Kendall, just home from a year studying abroad, doesn’t want to resume her regular life, including returning to her old high school. So she flees to New York to stay with her brother and reconnect with an old friend-and unrequited crush-hoping that the past months talking online mean there is a chance for a romantic future. She doesn’t expect to run into Max, Jamie’s friend, and the guy who saw her breakdown over Jamie’s rejection last year. She certainly doesn’t expect to bond with him after witnessing a traumatic event. But as they traverse the streets of New York, working together on a dare to spread kindness and hopefully make up for their previous lack of action, there is no denying their growing connection.

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Book Review: A Taxonomy of Love

A Taxonomy of Love – Rachael Allen – Amulet Books – Published 9 January 2018

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Synopsis

The moment Spencer meets Hope the summer before seventh grade, it’s . . . something at first sight. He knows she’s special, possibly even magical. The pair become fast friends, climbing trees and planning world travels. After years of being outshone by his older brother and teased because of his Tourette syndrome, Spencer finally feels like he belongs. But as Hope and Spencer get older and life gets messier, the clear label of “friend” gets messier, too.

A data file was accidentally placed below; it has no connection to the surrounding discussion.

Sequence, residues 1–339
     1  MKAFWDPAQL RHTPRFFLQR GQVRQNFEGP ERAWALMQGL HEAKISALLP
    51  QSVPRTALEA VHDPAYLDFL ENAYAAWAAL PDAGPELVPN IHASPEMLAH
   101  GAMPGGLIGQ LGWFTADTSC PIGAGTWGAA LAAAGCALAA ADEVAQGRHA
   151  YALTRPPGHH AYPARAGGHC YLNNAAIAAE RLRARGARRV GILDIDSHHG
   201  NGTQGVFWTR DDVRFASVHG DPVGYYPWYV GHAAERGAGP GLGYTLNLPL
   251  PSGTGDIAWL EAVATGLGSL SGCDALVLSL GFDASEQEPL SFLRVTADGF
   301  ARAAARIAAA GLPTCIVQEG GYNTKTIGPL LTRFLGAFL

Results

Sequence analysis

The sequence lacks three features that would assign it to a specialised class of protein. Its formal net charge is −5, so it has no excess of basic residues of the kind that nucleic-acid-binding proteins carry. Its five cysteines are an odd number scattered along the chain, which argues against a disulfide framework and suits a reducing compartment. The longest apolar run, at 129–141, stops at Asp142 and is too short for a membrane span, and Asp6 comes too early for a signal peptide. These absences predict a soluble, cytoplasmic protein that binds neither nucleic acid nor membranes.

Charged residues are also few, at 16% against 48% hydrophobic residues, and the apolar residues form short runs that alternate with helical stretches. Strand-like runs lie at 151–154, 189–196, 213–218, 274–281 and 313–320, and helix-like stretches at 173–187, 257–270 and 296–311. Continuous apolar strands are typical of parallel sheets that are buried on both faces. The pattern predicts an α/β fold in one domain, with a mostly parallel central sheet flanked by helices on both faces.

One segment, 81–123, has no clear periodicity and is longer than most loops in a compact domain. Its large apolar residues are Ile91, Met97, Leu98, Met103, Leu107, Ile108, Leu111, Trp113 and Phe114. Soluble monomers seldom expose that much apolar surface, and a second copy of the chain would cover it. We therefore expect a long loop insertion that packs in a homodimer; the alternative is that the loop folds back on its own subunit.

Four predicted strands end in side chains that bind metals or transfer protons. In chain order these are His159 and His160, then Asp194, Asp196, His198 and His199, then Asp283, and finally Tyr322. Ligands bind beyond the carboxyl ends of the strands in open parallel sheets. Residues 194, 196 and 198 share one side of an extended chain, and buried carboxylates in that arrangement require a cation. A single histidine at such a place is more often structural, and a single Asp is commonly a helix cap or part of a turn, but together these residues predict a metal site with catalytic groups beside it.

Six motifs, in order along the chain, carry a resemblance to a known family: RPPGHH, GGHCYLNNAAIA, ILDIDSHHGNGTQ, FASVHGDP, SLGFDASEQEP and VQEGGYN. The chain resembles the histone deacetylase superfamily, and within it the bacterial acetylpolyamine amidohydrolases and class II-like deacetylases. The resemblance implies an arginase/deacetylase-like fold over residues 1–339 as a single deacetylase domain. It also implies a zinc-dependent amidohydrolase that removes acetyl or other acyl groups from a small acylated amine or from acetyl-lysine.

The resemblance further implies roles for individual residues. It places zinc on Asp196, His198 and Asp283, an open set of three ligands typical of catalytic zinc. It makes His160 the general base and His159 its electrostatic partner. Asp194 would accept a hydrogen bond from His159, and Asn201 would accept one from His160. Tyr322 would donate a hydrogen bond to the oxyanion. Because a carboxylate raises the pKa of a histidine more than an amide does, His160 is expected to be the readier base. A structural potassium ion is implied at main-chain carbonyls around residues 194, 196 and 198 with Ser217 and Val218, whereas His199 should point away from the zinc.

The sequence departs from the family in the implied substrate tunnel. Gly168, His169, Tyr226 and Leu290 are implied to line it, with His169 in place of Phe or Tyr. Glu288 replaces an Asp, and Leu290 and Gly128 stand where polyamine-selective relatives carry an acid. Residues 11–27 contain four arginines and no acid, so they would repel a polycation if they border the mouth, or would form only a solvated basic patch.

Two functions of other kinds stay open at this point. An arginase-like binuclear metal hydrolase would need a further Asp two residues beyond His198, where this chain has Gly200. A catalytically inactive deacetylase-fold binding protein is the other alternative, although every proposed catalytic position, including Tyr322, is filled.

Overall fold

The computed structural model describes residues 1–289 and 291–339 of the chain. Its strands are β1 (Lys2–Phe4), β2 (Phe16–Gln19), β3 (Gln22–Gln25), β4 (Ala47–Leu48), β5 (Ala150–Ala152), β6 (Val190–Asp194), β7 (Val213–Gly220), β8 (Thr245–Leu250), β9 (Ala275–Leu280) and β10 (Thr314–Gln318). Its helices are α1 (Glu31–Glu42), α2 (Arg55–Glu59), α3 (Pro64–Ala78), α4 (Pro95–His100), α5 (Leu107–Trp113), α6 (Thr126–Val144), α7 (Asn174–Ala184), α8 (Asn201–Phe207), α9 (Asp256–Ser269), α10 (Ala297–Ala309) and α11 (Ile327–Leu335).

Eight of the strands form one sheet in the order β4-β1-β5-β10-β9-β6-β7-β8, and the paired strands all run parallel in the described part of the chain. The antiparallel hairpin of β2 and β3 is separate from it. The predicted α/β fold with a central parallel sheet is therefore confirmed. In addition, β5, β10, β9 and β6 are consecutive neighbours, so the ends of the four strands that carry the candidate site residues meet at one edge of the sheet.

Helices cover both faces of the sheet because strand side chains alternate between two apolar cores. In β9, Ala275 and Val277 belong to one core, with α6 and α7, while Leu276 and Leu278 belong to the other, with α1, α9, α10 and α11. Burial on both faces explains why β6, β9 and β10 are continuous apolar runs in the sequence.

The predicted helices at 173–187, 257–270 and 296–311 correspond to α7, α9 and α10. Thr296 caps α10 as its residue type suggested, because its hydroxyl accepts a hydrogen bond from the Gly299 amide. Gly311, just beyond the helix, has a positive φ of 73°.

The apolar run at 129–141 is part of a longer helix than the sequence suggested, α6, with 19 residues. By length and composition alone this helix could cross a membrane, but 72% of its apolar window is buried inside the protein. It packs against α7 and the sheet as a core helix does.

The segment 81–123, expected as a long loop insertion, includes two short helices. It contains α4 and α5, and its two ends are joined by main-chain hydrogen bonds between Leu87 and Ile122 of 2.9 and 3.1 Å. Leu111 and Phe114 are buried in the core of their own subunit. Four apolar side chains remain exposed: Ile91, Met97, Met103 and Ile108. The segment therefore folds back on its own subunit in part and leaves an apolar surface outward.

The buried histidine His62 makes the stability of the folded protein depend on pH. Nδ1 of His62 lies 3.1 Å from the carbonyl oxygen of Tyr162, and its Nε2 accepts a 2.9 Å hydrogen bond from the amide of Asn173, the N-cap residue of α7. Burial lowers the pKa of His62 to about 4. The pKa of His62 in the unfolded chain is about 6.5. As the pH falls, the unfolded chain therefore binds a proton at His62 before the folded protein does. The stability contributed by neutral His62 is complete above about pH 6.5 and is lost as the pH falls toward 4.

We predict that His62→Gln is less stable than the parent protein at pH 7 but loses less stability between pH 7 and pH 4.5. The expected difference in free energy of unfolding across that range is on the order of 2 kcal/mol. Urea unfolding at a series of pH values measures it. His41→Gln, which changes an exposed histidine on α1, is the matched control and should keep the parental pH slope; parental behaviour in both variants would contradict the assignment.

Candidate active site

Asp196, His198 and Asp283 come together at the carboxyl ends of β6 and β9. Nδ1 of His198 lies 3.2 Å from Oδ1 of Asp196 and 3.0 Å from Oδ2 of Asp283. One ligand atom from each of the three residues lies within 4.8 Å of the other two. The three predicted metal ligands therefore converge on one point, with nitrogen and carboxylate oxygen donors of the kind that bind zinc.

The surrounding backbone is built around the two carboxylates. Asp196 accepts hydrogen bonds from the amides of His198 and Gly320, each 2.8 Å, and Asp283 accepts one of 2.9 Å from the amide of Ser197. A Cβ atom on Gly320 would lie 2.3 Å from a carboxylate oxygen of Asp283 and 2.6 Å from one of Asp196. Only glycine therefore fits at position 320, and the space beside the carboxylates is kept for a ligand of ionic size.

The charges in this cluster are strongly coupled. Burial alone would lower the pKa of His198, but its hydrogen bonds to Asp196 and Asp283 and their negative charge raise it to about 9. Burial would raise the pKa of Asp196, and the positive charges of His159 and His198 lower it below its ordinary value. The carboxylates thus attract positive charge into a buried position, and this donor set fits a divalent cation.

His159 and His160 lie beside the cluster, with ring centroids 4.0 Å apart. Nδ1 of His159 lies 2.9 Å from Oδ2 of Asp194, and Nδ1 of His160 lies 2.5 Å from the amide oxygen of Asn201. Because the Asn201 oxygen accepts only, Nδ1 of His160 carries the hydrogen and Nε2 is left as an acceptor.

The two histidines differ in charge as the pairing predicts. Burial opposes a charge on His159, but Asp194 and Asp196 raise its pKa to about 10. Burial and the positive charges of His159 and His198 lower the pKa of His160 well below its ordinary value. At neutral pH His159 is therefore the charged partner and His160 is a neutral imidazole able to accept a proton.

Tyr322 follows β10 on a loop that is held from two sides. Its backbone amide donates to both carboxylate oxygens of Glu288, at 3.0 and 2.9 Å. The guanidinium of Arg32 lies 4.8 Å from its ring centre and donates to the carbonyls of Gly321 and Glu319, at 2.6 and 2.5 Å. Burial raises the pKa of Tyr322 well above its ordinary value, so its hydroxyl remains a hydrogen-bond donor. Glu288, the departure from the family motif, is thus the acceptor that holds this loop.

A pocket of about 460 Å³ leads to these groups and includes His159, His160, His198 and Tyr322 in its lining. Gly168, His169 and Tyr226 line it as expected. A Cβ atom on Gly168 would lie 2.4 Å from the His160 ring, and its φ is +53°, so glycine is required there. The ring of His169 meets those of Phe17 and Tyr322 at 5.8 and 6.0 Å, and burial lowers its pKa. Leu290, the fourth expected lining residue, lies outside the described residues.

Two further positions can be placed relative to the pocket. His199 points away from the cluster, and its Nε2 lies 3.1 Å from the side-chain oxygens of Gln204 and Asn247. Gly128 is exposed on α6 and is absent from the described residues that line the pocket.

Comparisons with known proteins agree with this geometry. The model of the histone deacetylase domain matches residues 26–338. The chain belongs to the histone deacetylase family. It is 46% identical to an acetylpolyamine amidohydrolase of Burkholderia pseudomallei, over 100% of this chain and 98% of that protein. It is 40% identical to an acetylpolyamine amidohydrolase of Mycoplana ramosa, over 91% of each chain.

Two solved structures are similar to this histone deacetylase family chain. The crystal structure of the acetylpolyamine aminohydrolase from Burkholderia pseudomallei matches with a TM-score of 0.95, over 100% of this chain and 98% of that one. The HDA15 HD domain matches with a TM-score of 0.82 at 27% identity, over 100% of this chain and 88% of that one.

Through sibling feuds and family tragedies, new relationships and broken hearts, the two grow together and apart, and Spencer, an aspiring scientist, tries to map it all out using his trusty system of taxonomy. He wants to identify and classify their relationship, but in the end, he finds that life doesn’t always fit into easy-to-manage boxes, and it’s this messy complexity that makes life so rich and beautiful.

My thoughts

Is there a way to understand and capture the complexities of life, friendship, and love? A Taxonomy of Love is a sweet story that captures all the magic and heartbreak of friendship and growing up.

When the new girl moves in next door, she and Spencer become strong friends. Who else but Hope could understand Spencer’s love of bugs and climbing trees. Who else could understand the ways in which he is different and yet not treat him as if he is any different at all. But sometimes life is messy and not as easy to categorise as Spencer would like. Friends, more than friends, not friends at all?